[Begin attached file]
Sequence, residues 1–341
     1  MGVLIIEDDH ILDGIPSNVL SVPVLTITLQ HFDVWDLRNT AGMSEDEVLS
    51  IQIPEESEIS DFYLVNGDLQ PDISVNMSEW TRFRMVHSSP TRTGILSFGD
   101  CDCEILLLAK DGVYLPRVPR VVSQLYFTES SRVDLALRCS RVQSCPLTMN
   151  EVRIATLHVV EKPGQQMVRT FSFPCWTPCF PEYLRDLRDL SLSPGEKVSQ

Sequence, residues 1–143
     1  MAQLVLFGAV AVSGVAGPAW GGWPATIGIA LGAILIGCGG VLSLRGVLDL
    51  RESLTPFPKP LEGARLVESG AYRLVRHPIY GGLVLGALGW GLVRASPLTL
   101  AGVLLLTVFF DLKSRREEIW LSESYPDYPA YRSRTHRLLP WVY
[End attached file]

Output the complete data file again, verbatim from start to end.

Sequence, residues 1–341
     1  MGVLIIEDDH ILDGIPSNVL SVPVLTITLQ HFDVWDLRNT AGMSEDEVLS
    51  IQIPEESEIS DFYLVNGDLQ PDISVNMSEW TRFRMVHSSP TRTGILSFGD
   101  CDCEILLLAK DGVYLPRVPR VVSQLYFTES SRVDLALRCS RVQSCPLTMN
   151  EVRIATLHVV EKPGQQMVRT FSFPCWTPCF PEYLRDLRDL SLSPGEKVSQ

Sequence, residues 1–143
     1  MAQLVLFGAV AVSGVAGPAW GGWPATIGIA LGAILIGCGG VLSLRGVLDL
    51  RESLTPFPKP LEGARLVESG AYRLVRHPIY GGLVLGALGW GLVRASPLTL
   101  AGVLLLTVFF DLKSRREEIW LSESYPDYPA YRSRTHRLLP WVY